Entering Connecticut, we enjoyed Sunrise Peak, Penwood State Park, and Talcott Mountain State Park. We saw hardly any hikers and quickly the trail changed from tobacco farmlands to ridge lines overlooking urban areas. Atop Rattlesnake Mountain, there is a spectacular view of Hartford and tons of trad climbing and bouldering nearby. 


Somewhere near New Britain, we saw a band of nasty sleet and rain rolling in for the weekend and since we were only 25 minutes from Dingo’s parents, they picked us up from the trailhead to go back for the night. I’ve learned (and suffered through) enough bone-chilling rain storms to know that they are much scarier than snowstorms. When you push a thru-hike deeper into the shoulder seasons snow is the clear threat, but rain poses a much more dangerous scenario for hikers. Rainy weather gets us wet, regardless of waterproof clothing. Even if we wear waterproof jackets and pants, the humidity paired with low breathability causes us to sweat inside our hotbox of layers. Either way, we are in a state of wetness when the temperatures flirt with freezing (32 deg) making it difficult to ever dry off, especially once we stop producing body heat by moving. This is often when hypothermia becomes an threat. 


Lounging through the stormy weekend came and went. I noticed a cut between Luna’s pads which had become infected. She’d shown no signs of discomfort on the trail, but knowing we’d passed through a number of party sites with shattered glass, I wanted to grab some antibiotics from the vet so I didn’t have to worry about keeping it clean on the trail or an infection spreading. We’d take an extra day off to visit the vet and let the antibiotics kick in while the guys continued on. Since my car was in Connecticut, I was able to drive down to Rhode Island to see my friend Maria which was a much-needed spontaneous visit.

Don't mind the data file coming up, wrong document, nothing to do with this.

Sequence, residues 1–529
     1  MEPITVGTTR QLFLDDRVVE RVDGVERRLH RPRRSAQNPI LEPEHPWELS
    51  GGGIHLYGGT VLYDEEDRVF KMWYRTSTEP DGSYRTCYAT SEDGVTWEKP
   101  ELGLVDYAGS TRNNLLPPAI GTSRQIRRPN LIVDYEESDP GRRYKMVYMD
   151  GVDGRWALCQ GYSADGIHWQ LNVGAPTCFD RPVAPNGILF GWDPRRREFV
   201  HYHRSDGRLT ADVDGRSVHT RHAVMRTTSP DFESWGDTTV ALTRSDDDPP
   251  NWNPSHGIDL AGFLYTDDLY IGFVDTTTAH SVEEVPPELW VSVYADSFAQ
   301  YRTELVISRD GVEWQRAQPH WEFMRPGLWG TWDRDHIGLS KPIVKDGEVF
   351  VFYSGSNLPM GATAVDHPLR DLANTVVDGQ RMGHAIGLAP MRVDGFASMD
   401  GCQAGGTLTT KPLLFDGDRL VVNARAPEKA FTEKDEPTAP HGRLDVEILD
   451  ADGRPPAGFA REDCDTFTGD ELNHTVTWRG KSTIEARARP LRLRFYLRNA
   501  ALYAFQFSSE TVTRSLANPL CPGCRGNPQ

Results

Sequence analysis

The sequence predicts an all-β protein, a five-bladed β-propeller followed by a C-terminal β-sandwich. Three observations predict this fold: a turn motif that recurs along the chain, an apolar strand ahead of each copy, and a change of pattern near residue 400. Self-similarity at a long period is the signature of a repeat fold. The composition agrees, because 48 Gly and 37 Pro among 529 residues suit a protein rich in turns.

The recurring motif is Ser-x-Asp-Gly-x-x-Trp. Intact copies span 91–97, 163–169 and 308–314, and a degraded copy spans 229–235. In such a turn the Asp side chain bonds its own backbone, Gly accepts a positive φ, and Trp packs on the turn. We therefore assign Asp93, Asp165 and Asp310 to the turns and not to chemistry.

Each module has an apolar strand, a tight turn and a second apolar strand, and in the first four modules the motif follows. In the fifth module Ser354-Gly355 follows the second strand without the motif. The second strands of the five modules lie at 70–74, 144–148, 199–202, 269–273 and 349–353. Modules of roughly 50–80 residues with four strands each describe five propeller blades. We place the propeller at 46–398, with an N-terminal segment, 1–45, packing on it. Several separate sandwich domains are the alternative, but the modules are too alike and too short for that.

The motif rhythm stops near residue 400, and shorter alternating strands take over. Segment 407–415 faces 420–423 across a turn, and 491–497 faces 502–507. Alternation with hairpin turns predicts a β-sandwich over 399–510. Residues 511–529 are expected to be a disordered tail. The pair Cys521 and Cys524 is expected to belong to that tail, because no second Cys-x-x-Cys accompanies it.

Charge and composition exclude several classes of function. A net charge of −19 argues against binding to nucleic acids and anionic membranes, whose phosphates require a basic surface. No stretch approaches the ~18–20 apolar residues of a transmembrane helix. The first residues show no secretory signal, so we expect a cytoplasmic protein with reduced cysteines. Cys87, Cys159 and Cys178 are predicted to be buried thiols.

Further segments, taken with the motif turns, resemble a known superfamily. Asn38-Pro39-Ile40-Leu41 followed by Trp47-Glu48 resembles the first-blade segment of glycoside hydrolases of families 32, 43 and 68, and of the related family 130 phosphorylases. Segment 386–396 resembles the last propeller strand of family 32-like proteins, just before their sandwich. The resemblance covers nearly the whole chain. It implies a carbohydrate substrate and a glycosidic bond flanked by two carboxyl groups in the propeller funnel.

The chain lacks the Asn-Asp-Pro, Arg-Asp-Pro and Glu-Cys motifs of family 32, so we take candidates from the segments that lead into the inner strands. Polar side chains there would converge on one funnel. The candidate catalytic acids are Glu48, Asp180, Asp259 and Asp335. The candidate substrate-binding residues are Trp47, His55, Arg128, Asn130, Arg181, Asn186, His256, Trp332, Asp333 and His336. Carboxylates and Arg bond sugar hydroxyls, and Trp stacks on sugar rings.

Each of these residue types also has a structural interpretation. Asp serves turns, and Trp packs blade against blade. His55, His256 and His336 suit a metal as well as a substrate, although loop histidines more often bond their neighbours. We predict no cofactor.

Luna and I would miss a 30-mile stretch through Ragged Mountain, which Dingo and Mean Spaghetti really enjoyed and got great weather. By the time we met back up with them, Luna had a spring in her step and I was equally anxious to continue hiking. 

The final leg of the NET bounced between urban areas, bringing us unexpectedly across roads with diners, convenient stores, and bars. Fair to say we all carried too much food and didn’t loose any weight towards the end of this walk. The trail traced along some fantastic ridges and reservoirs, particularly Trimountain State Park. 


Cockaponset State Forest and Timberland Preserve filled our last day with open forests, deep fall colors and notes on the trees (describing the species we’d been speculating about for days) until the trail culminated with a nice easy road walk in the dark through Guilford down to the Connecticut Shore. There, we’d touch our feet to the Atlantic Ocean after 700 miles of authentic New England trails. 


In reflection, the inability to emerse in the woods entirely, with the distraction of creature comforts and family visits during the NET, was a unique end to our C to Sound walk. It was tough to make longer miles in the shortening daylight; we averaged 18-20 not including those days off at the end, with our shortest town day being 10 miles, and longest days somewhere around 25 miles. We did not do the additional 25 mile out-and-back portion of the NET because it wasn’t a part of our original route and we were into November. It’s worth noting, the ticks were vicious this fall. I think the NET is entirely hikeable in a thru-fashion if you are physically able to do some larger mile days and are flexible in towns, or by camping illegally. I appreciate the originality of the New England Trail- the history of it’s woods and townships, the ease of logistics, and the varied terrain. It was a different shake up from the remote places I’ve been hiking in the past few years. For more photos, see the photo gallery from this entire trip.

I was really happy with all my gear choices on this hike; you can find my full gear list here. 


*A few photos are courtesy of Dave Moore